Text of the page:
The Diary Keepers: World War II in the Netherlands, as Written by the People Who Lived Through It
, HarperCollins, ©2023 by Nina Siegal, pp.527
Following the decimation of Rotterdam by the Nazi war machine, the Dutch army surrendered to Germany on May 15, 1940, shortly after the Netherlands’ Queen and her government’s cabinet had fled safely to London. In an indecently-belated message four years later, to the ravaged, remaining Nazi-occupied Dutch, the exiled Minister of Education, Arts and Sciences broadcasted from London to the few remaining, illegal underground Dutch radios. The message to the spiritually bedraggled but brave Dutch and its overmatched and dwindling resistance fighters:
“History cannot be written based on official decisions and documents alone. If our descendants are to understand fully what we as a nation have had to endure and overcome during these years, then what we really need are ordinary documents—a diary, letters.” (Minister Gerrit Bolkestein, March 29,1944)
The Netherlands was liberated 16 months after Bolkestein’s message (May 5, 1945) and nearly immediately created (May 8, 1945)the Bureau for War Documentation to retrieve these diaries, letters, and other materials (which eventually totaled over 2,500 items, now archived in the renamed National Institute for War Documentation, in Amsterdam).
During those painful war years, an exceptional horror had been committed within and upon its Dutch Jewish community. Of the community’s 160,000 total members, 102,000 Jews were deported and murdered, the uniquely highest percentage of Jews (64%) in Western European countries (in France: 25% killed; 40% in Belgium; and comparable to Hungary 60%; Poland 90%).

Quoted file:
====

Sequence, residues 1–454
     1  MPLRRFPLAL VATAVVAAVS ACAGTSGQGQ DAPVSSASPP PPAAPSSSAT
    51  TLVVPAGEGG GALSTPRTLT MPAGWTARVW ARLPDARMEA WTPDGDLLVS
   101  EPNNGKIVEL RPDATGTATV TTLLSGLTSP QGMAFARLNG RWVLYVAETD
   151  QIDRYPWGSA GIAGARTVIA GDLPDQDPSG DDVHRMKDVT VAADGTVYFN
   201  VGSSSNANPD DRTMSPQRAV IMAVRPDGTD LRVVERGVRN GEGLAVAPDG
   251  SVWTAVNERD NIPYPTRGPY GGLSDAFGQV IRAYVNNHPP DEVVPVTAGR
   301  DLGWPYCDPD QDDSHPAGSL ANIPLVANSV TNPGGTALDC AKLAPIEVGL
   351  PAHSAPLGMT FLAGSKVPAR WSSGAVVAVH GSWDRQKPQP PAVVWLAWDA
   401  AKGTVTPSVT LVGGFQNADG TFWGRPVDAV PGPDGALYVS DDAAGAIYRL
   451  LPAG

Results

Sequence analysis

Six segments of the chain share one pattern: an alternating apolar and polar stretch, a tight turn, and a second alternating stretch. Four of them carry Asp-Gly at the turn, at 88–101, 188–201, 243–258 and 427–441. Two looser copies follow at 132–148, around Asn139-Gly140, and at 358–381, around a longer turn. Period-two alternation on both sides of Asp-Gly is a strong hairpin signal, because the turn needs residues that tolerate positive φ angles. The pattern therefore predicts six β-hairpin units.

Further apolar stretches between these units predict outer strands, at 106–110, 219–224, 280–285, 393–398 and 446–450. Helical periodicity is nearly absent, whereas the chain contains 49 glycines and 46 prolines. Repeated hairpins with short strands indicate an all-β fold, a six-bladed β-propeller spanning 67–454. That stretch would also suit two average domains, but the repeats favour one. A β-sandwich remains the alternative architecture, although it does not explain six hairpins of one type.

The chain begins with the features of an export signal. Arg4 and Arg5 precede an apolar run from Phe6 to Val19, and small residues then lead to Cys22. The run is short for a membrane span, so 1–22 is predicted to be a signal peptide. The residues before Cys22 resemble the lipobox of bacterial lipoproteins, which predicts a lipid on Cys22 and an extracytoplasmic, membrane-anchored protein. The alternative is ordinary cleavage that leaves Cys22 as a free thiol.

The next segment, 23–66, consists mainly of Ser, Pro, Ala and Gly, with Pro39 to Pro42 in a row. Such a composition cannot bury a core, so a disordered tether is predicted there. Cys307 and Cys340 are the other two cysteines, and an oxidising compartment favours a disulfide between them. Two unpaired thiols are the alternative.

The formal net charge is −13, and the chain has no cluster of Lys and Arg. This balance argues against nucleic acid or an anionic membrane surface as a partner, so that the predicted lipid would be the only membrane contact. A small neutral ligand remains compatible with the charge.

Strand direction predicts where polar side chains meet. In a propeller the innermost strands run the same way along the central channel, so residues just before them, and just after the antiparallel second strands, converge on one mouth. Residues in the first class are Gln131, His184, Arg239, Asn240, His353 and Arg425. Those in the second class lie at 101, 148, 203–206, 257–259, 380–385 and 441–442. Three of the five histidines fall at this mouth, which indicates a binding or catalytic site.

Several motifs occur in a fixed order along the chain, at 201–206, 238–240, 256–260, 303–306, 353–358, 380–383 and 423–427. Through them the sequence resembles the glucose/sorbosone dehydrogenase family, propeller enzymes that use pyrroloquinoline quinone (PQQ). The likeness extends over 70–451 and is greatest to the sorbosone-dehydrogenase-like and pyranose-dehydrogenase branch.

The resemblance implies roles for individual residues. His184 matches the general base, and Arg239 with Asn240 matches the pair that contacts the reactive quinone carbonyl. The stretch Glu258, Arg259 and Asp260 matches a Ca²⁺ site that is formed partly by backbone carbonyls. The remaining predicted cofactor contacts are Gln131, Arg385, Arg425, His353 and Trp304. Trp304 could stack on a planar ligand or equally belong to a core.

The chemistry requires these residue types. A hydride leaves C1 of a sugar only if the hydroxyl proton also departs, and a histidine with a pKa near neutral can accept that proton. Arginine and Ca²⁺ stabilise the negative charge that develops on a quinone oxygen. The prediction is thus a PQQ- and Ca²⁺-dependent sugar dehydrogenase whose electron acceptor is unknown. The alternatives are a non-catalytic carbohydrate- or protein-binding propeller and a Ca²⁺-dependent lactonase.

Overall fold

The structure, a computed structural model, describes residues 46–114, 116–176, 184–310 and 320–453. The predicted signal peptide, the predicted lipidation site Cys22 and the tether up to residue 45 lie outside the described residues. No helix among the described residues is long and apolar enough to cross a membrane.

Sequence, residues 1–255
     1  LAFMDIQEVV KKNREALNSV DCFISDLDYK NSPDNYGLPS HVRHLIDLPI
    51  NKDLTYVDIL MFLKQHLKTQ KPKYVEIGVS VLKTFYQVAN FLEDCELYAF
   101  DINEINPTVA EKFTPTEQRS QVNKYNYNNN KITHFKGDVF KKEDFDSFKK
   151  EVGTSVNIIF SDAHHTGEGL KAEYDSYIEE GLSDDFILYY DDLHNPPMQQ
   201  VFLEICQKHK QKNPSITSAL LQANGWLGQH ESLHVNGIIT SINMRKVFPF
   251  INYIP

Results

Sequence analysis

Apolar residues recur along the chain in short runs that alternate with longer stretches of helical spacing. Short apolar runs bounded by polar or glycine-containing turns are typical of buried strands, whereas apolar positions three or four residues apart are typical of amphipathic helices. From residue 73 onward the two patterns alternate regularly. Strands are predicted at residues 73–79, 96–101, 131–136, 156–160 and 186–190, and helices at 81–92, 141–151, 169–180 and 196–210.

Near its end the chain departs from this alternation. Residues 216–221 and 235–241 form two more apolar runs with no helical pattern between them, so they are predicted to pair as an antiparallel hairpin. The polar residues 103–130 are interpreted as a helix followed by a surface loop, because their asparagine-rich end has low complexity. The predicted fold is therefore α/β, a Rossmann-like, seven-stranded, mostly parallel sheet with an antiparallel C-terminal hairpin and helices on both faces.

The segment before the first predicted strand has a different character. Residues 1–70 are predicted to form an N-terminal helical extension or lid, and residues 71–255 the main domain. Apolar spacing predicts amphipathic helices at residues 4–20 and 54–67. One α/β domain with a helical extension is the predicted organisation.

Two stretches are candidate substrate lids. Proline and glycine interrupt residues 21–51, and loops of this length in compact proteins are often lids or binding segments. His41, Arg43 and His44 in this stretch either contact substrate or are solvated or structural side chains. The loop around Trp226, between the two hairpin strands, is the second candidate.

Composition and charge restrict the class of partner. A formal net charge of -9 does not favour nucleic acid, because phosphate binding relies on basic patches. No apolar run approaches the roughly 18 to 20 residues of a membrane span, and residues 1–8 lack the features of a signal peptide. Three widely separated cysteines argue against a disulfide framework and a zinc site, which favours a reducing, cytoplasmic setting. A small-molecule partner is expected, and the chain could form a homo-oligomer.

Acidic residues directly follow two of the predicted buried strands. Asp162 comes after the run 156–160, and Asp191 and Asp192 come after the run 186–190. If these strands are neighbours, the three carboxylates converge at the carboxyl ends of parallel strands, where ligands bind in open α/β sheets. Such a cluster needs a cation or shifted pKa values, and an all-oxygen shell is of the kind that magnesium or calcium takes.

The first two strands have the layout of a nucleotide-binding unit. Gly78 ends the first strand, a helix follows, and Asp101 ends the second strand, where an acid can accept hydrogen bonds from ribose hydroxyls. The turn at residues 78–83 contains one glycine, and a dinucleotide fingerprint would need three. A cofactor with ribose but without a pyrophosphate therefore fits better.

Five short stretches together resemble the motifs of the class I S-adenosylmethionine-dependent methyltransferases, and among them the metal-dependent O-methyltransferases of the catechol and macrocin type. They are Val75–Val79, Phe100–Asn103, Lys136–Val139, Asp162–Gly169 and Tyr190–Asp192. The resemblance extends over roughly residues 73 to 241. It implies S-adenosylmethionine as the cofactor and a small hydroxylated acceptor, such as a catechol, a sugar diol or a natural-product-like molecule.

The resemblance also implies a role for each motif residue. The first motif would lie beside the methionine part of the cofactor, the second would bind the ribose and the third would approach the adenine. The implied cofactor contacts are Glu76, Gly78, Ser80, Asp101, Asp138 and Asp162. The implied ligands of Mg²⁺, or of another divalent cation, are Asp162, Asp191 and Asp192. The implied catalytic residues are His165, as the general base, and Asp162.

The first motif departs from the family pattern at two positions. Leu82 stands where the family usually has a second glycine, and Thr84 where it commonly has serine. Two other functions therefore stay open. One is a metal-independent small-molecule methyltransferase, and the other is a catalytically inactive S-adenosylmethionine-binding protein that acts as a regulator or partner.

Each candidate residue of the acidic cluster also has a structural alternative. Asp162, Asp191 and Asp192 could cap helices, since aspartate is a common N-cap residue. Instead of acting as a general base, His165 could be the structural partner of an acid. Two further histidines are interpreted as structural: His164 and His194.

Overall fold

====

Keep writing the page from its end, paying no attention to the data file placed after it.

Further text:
Author Nina Siegal, is a New York Times researcher/cultural journalist living in 21ST- century Amsterdam. She is an American Jew(with Dutch and other European ties), and was in hot pursuit of answers to her research question: “How so many of the images [in a Dutch-curated photo exhibition, The Persecution of the Jews in Photographs: The Netherlands, 1940-1945] had been shot by bystanders, ordinary Dutch people who had witnessed the roundups of their neighbors from their Amsterdam apartment windows?”
Her answers? “The photographs told a story of bystander fear, but also bystander complicity. One could look out the window and see their neighbors, marked, forced into public squares, driven into trucks, beaten humiliated, and deported. It had happened just outside their doors, outside their windows. Everyone could see everything.” Thus began her book’s project in earnest, culminating in her 500+pp of riveting story told by diaries.
Pouring through the handsomely archived letters and diaries, available in the publicly accessible archival facilities in Amsterdam, Siegal selected 9 diaries to help tell her story of the war-period realities, “what, where, when, but also the how and why. And how it felt to live through it, through the eyes of individuals from every walk of life.”
She chose from among victims, bystanders, and collaborators, whose diaries began before Bolkestein’s belated broadcast, by telling the story of the genocide of the Jews chronologically from 1940 through the war’s end and events beyond. Siegal includes rich notes on the progression of the official “Dutch Memory of the War” (i.e., “the essential goodness of the Dutch”) affected by the serious doubts and questioning of that “official Memory” mythscape arising in the probing of younger historians, journalists, and social activists, “asking how the society had allowed it to happen.”